Grishneshwar Temple
Grishneshwar Temple - 12th Jyotilinga
One strange thing about the temple is that men have to take off all clothes from their upper torso (that is their shirt/t-shirt and innerwear) before entering the temple. No idea why.

Once out of the temple, there will be loads of small kids begging for money saying that they have to buy notebook. Please be very careful, because if you give money to one kid, the other kids will hound you and will drive you mad.

Our next stop of the day was the much talked about - Ellora Caves. Ellora Caves is a UNESCO World Heritage site and consists of 34 caves – Buddhist, Hindu and Jain.

The first cave that we saw in Ellora was Cave no 16, known as Kailash Temple (the home of Lord Shiva). I was thunderstruck with this cave, completely unprepared for its magnitude, intricacy of its carvings and its architecture. This was the most beautiful structure I have seen till now.

I am at a loss of words to describe the magnificence of Kailash. This cave was carved out of a rock and took around 200 years (10 generations) to be made. The vision of the sculptors was such that they carved the cave starting from the roof and worked their way downwards. There are sculptures depicting stories from the great Hindu epics of Mahabharata and Ramayana. There is a huge Shivling on the first storey of Kailash Cave.


Kailash, Cave 16, Ellora Caves

Kailash, Cave 16, Ellora Caves

Kailash, Cave 16, Ellora Caves
Kailash, Cave 16, Ellora Caves
After this, we took a bus and went to the Cave no 32, 33 and 34 which are the Jain Caves. Cave 32 is a double storey cave and has some beautiful carvings of Lord Mahavira. It is tough to appreciate any carvings after seeing the Kailash though. There is a large size elephant standing on the right side of the entrance of the cave. The first storey of this cave is like an assembly hall and has some really detailed and exquisite carvings.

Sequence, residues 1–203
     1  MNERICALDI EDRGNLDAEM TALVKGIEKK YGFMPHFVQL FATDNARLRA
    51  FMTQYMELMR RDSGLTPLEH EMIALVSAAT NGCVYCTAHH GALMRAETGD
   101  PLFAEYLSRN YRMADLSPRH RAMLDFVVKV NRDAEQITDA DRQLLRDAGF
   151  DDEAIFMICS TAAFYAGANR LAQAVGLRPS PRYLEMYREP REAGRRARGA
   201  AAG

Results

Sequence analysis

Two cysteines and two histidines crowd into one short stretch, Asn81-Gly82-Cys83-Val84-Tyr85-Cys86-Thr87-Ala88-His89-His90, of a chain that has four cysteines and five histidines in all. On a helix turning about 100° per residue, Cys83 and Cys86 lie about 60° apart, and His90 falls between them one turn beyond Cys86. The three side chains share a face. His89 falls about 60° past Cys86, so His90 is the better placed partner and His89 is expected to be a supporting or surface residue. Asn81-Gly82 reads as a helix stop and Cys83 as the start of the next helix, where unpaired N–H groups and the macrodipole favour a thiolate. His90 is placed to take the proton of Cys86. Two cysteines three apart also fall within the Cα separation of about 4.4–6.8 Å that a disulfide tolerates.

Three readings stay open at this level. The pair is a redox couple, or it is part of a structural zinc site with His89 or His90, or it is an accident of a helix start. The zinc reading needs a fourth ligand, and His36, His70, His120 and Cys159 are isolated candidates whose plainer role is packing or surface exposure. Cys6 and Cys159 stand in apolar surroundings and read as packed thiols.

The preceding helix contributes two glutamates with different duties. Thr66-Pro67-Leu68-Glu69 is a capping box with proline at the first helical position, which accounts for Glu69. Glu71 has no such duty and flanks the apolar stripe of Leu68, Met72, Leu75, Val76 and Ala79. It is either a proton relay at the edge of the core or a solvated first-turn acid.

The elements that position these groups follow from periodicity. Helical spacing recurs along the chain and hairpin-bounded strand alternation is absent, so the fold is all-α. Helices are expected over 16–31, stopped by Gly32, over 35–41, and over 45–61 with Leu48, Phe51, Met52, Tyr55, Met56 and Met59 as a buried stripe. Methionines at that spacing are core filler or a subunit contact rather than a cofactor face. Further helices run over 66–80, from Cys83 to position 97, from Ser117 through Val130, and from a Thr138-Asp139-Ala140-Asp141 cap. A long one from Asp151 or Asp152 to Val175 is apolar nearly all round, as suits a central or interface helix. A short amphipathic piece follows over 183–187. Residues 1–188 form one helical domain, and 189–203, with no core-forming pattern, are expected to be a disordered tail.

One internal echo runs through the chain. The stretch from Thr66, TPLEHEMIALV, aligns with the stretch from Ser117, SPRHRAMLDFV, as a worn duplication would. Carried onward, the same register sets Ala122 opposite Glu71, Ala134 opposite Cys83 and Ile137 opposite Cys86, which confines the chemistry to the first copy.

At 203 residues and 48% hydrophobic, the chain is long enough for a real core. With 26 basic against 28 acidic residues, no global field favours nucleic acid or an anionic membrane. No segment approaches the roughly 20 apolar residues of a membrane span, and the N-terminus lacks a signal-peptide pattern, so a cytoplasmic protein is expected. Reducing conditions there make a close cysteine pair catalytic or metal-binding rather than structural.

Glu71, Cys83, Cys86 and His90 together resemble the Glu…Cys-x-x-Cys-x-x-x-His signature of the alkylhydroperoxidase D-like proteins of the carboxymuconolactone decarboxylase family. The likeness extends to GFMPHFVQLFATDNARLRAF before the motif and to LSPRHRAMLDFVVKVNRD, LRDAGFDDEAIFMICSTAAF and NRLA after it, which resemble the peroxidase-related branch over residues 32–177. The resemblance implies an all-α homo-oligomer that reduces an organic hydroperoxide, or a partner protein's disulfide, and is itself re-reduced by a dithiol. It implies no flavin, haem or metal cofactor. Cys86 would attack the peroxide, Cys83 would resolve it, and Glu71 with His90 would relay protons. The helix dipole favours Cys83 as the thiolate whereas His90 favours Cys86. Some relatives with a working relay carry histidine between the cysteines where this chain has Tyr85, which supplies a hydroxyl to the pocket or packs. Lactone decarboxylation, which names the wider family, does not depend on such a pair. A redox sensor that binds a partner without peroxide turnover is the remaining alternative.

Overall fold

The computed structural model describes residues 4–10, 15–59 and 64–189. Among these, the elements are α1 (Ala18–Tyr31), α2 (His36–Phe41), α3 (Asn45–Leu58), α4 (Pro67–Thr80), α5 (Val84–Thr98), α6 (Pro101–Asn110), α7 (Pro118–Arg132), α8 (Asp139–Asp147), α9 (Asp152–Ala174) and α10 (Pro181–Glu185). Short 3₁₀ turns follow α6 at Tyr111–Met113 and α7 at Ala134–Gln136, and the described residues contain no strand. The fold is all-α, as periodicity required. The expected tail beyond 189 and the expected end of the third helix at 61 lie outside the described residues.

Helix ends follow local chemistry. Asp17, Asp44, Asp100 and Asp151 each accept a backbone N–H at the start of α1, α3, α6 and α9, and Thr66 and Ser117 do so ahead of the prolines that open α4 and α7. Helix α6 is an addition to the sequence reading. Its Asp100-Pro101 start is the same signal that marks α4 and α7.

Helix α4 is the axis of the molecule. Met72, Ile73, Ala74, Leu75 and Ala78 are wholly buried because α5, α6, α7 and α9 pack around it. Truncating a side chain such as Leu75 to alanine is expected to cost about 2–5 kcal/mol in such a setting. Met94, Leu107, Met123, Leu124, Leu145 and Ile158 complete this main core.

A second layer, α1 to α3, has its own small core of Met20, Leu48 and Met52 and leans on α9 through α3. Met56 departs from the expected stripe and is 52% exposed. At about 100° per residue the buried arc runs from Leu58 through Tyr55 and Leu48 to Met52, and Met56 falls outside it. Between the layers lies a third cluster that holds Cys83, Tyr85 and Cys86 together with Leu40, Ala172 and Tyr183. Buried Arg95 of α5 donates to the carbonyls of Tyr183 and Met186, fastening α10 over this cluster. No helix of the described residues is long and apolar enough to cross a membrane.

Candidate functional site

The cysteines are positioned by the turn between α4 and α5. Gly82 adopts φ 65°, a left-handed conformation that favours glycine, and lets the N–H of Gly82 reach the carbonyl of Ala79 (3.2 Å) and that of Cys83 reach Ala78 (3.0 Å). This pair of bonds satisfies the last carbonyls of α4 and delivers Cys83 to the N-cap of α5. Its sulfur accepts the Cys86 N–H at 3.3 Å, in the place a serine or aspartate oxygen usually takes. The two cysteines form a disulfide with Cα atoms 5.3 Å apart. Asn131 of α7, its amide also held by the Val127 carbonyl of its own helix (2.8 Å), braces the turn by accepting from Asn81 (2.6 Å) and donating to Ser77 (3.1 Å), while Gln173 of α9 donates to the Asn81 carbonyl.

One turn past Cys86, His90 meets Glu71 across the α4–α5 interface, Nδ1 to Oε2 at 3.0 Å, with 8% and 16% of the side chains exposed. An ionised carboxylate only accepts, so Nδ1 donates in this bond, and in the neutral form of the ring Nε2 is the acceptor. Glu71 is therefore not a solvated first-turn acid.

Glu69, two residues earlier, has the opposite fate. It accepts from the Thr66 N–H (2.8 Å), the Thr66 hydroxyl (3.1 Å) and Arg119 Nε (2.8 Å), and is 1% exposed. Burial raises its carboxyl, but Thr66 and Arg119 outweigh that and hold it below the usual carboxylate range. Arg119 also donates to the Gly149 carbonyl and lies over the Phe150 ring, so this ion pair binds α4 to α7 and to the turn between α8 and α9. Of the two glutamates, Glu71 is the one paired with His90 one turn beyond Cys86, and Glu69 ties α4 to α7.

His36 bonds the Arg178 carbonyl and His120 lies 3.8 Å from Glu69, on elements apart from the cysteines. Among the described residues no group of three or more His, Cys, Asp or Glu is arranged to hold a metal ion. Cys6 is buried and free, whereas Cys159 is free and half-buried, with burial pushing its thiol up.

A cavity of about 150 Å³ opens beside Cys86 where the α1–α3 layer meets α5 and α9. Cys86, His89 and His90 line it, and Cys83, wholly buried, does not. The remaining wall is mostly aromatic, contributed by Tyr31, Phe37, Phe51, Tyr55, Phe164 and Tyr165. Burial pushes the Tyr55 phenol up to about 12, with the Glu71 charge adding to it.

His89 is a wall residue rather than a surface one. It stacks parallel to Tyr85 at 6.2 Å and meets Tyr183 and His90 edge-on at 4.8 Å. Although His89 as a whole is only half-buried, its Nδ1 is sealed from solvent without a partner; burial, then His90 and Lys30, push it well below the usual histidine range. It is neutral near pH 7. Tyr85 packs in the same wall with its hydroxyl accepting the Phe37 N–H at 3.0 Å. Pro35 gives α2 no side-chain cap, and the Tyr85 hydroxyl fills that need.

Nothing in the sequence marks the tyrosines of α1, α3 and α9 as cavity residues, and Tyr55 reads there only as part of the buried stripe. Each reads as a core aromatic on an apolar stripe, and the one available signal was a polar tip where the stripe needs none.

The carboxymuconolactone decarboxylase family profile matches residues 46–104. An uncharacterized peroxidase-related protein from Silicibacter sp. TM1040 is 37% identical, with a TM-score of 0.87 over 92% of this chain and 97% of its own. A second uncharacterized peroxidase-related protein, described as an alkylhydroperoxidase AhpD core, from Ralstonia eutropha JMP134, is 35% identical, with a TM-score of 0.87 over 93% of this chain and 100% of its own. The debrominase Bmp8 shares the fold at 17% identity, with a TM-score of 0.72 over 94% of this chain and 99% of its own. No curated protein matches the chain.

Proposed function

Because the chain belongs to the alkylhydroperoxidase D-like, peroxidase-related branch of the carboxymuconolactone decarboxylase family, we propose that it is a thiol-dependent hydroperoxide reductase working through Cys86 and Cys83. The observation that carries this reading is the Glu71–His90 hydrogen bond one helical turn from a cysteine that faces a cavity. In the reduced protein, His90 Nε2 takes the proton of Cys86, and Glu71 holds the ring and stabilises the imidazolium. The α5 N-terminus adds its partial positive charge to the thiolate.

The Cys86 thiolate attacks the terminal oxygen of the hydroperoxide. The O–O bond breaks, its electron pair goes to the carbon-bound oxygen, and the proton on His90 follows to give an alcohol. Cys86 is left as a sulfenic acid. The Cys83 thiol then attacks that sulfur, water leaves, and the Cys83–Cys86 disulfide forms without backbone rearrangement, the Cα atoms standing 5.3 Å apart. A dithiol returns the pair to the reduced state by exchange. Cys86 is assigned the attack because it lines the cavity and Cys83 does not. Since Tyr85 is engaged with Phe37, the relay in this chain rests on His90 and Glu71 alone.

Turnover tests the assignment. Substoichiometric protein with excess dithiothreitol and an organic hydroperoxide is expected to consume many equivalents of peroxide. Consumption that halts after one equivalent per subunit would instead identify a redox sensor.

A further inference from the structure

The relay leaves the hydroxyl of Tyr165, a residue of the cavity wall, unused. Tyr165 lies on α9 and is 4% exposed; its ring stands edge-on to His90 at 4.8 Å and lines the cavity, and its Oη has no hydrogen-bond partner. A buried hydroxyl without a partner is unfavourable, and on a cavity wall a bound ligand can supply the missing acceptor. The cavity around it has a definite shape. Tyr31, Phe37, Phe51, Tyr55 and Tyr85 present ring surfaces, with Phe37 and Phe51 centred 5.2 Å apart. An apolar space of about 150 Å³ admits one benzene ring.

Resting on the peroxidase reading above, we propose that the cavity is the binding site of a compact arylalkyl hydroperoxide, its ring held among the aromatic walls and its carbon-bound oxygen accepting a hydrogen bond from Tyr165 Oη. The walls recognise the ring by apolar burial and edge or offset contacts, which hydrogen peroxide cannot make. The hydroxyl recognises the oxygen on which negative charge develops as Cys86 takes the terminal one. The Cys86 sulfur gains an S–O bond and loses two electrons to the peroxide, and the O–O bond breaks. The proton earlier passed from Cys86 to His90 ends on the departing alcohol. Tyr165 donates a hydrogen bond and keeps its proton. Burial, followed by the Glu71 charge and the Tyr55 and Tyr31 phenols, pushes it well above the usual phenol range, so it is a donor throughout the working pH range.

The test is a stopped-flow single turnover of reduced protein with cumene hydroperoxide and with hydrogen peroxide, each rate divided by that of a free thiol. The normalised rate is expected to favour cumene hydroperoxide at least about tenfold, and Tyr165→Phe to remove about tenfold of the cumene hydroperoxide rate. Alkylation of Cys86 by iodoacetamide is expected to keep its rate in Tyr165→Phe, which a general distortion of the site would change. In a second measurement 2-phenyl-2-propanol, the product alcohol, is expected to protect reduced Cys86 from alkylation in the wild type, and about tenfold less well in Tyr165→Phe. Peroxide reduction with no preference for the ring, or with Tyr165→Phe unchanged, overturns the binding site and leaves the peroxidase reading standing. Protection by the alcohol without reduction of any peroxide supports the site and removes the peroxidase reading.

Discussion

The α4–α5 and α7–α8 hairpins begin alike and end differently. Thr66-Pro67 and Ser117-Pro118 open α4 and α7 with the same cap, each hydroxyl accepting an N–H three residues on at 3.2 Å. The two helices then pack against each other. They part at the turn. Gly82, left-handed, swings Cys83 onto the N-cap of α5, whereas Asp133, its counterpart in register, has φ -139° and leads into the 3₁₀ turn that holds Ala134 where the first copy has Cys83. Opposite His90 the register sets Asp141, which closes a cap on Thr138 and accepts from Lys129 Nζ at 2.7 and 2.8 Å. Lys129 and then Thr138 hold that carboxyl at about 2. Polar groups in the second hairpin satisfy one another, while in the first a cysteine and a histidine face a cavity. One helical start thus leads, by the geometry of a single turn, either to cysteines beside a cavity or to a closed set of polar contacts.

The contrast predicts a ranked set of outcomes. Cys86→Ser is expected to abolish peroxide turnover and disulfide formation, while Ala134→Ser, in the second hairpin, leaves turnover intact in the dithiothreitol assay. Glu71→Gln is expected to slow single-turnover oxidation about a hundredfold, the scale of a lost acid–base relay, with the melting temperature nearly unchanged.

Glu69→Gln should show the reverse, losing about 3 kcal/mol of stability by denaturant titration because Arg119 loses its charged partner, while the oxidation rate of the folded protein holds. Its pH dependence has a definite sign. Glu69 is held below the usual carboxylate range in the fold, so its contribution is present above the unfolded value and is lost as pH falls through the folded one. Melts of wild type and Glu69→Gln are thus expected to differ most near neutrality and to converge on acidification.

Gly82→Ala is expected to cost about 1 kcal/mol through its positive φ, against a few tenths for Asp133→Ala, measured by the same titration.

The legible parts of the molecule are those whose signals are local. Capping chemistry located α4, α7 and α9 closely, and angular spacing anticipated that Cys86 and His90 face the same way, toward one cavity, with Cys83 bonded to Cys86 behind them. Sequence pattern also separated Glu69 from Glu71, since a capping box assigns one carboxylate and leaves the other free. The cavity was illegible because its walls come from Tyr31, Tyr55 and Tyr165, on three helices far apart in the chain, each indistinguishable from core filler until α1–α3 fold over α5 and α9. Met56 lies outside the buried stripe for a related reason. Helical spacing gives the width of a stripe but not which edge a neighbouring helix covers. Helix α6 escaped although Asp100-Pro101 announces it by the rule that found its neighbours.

We tried chanting “OM” in these caves and what we heard and what we felt gave us goose bums. The chants had an echoing sound within the stone walls. I could only imagine the spiritual experience the people chanting in these caves would have felt.


Cave 32 - Ellora Caves
Cave 32 - Ellora Caves
Jain Caves - Cave 32 at Ellora Caves
Jain Caves - Cave 32 at Ellora Caves
Our last stop at Ellora was Cave no 10, which had a magnanimous Buddha statue (sitting cross legged posture). The watchman of the cave told us that the ribbed ceiling represents the rib cage of the human body and the stupa represents the mind. In olden times, travelers & monks used to come to this cave to rest & meditate. The first storey of the cave had a provision for seating musicians who would play relaxing & soothing music in the background.


Cave 10, Ellora Caves
Cave 10, Ellora Caves
The next thing that I wanted to do was climb the hill near the Kailash cave and have a look at Kailash from the top. The way to the top of the hill is barricaded but I still went through and found myself spell bound when I saw the view from the top. The aerial view of Kailash is as beautiful as the cave itself.


Aerial View of Kailash, Cave 16, Ellora Caves
Aerial View of Kailash, Cave 16, Ellora Caves
It may take a full day to see all the caves and the sun can be quite harsh. But you can feel the cool as soon you enter any cave. The caves are beautiful and leave you speechless. No words can do justice to them. They are beyond the limits of words and imagination. If the caves at Ajanta were all about paintings and murals, the caves at Ellora were all about sculptures.

These caves makes you think how people in that era can make just beautiful sculptures with just chisel and hammer at their disposal, when there was no electricity, when there was no mode of transportation. It made me wonder how they managed to carve so much out of such hard rock with almost nothing at their disposal. Clearly, they were much advanced then what we are now.     

Next, we stopped over a temple called Bhadra Maruti Temple, Khuldabad. As the name suggests it is a Hanuman Temple (the most ardent devotee of Lord Rama) where the Lord is in sleeping position. It was not crowded at all and therefore we had a very good darshan with no one pushing from behind.


Bhadra Maruti Temple, Khuldabad
Bhadra Maruti Temple, Khuldabad
Our last stop for the day was at a Paithani Saree shop where we first went to the weaving area. As it was Sunday and way past 6:00 pm, the weaving section was closed for the day. We could just see the machinery used to make the very famous Paithani Sarees and Himroo weaves. One of the members of the shop was kind enough to show us the weaving center and explain the process. We then went to the shop for some shopping but came out empty handed (as we didn’t like anything much). The price for Paithani Sarees starts from Rs. 6,000 and can go upto Rs. 3 Lacs. Himroo Sarees in this shop started from Rs. 1,750.


Paithani - Hand weaving
Paithani - Hand Weaving

I will write about my Day 3 & 4 in my next blog where I saw Daulatabad Fort and a Hill station called Mhaismal